The Supreme Court has invalidated the amendments made to the National Accountability Ordinance (NAO) in 2021, and it has accepted Pakistan Tehreek-e-Insaf (PTI) chairman Imran Khan’s petition challenging these amendments.
The decision was announced by a three-judge bench, led by Chief Justice of Pakistan (CJP) Bandial, alongside Justice Ijazul Ahsan and Justice Syed Mansoor Ali Shah. This ruling entails the revival of corruption cases against public officeholders that had been closed due to the amendments. Among these cases are the Toshakhana reference involving Nawaz Sharif, Asif Ali Zardari, and Yousuf Raza Gilani, the LNG reference against Shahid Khaqan Abbasi, and the rental power reference against Raja Pervez Ashraf.
However, it’s worth noting that CJP Bandial and Justice Ahsan found Imran Khan’s petition to be admissible, while Justice Shah dissented from the majority verdict. The Supreme Court has also declared the verdicts issued by the accountability courts based on the amended laws null and void. They have instructed the National Accountability Bureau (NAB) to send the relevant records back to the respective courts within seven days.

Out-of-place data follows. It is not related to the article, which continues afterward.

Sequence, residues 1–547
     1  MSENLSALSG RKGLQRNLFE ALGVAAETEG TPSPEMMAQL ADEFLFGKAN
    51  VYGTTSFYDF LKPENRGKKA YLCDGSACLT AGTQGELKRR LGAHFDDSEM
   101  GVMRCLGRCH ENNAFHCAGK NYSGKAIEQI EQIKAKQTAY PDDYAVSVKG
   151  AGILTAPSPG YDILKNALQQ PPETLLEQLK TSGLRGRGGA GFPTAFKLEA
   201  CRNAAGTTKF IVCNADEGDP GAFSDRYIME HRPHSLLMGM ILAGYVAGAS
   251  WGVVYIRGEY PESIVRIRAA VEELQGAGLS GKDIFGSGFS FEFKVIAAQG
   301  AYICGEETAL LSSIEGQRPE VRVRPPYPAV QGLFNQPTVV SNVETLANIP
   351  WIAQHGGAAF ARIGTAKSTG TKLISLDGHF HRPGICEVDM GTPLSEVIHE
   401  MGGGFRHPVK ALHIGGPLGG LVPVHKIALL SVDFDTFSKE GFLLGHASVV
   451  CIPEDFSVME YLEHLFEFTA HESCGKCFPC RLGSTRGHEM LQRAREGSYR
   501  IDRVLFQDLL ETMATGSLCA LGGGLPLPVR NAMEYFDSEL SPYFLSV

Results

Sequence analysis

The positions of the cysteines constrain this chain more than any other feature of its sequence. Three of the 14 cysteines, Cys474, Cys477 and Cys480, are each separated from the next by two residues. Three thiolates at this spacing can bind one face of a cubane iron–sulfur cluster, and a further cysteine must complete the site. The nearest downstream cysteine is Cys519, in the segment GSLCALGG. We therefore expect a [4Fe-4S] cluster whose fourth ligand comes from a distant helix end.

In May of the previous year, the National Assembly passed bills that repealed electoral reforms introduced by PTI, granting overseas Pakistanis voting rights. These bills also included amendments to the National Accountability Bureau (NAB) laws. Imran Khan filed his petition in June 2022, challenging the changes made to various NAO provisions. These changes were alleged to favor influential individuals facing corruption charges and to legitimize corruption cases pending before Accountability Courts.
The NAB (Second Amendment) Bill 2021 outlined several key modifications. It designated the deputy chairman of NAB, appointed by the federal government, as the acting chairman after the chairman’s term ended. The bill also shortened the terms of the NAB chairman and prosecutor general from four to three years. Furthermore, regulatory bodies operating within the country were excluded from NAB’s jurisdiction. The bill also limited NAB’s jurisdiction to cases involving amounts exceeding Rs500 million.